From: Gudmundur Ingi Markusson (email@example.com)
Date: Fri 23 May 2003 - 13:50:04 GMT
William Benzon <firstname.lastname@example.org> wrote:
>>(GIM) In this account, memes would be Peircian sign-vehicles, as Terrence Deacon (1999) has suggested.
>(WB) Not quite. That which is "transmitted" is the signifier. It is up to the listener (or reader) to supply the signified. That is to say, the listener treats the signifier as a prompt to supply meaning. The meaning supplied is created entirely within the mind of the listener.
>(Note: I haven't read Peirce in years so I forget whether or not "sign-vehicle" is a locution that he uses. Whether it is or not, it's misleading to the extent that it implies that the signifier (in Saussure's terminology) is somehow "carrying" or "transporting" the meaning. It is not.)
(GIM) I do not have access to his Collected Papers so I cannot verify whether he applies it there. I have seen it repeatedly in writings on Peirce, which is why I used it. I have taken it as a rendering of his technical term for sign, representamen.
In the context of his framework of semiosis, the term is not misleading in the sense you suggest. The biosemiotician J. Hoffmeyer illustrates:
the sign represents a relations between three factors: (1) the primary sign—the sign vehicle—i.e., the bearer or manifestation of the sign regardless of its significance (e.g., the red spots); (2) the object (physical or nonphysical) to which the sign vehicle refers (e.g., the illness, measles); and (3) “the interpretant” i.e., the system which construes the sign vehicle’s relationship to its object (e.g., the mental processes in the physician’s head). To be a sign in Peirce’s sense of the word all three of these elements must be present (1996: 19).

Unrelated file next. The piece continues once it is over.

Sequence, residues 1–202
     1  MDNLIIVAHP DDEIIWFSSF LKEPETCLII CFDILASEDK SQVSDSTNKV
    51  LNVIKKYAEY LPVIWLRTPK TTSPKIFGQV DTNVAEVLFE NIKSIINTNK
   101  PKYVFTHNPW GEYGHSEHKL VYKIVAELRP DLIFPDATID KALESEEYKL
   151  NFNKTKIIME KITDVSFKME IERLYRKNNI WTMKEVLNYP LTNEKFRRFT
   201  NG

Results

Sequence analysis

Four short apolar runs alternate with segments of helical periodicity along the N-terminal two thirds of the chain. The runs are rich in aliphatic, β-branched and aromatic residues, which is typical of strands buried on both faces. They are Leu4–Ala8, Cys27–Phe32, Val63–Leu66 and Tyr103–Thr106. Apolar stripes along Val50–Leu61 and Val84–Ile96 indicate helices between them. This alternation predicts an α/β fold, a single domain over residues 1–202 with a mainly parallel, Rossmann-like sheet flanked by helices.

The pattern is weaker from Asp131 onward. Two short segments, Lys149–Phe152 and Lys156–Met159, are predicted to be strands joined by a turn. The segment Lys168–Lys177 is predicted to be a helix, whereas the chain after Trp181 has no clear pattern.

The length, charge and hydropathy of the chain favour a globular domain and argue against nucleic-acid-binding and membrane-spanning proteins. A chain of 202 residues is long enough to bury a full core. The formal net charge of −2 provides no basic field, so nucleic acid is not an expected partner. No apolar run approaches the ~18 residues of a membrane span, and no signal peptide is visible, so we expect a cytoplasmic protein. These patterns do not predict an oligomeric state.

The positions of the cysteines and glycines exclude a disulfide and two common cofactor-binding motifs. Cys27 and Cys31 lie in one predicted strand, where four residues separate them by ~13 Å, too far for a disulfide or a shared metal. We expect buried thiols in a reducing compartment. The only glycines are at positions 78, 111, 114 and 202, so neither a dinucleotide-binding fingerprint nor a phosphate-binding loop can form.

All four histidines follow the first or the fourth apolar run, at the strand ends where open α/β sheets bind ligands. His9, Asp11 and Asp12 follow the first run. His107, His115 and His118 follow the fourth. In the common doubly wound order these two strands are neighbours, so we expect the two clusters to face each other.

So, while a sign cannot be distinguished from the tripartite semiosis process, the term sign-vehicle designates only one aspect of it, the X which, while meaningless in itself, becomes a catalyst for a sign *when* and *only when* it is interpreted by a cognizing subject.
>(WB) Note that I'm certainly not denying that humans communicate through language (and other sign systems). We obviously do. What I am denying is that we can explain that communication by talking about transmitting memes/information/meaning from one person to another. As far as I can tell, we don't have a fully adequate account of how communication happens.
(GIM) I agree. The assumption that information simply resides in books or otherwise, waiting to be incorporated by hosts, which seems to be taken for granted in much memetic discussion, is misguided. Here I think Peirce is useful. In the light of his semiosis concept, information is not a dyadic relation, a carrier carrying something (signifier incorporating a signified), but a triadic relation, where information arises only when a subject interprets a signifier (sign-vehicle).
Do you Yahoo!?
The New Yahoo! Search - Faster. Easier. Bingo.
This was distributed via the memetics list associated with the
Journal of Memetics - Evolutionary Models of Information Transmission
For information about the journal and the list (e.g. unsubscribing)
This archive was generated by hypermail 2.1.5 : Fri 23 May 2003 - 13:55:30 GMT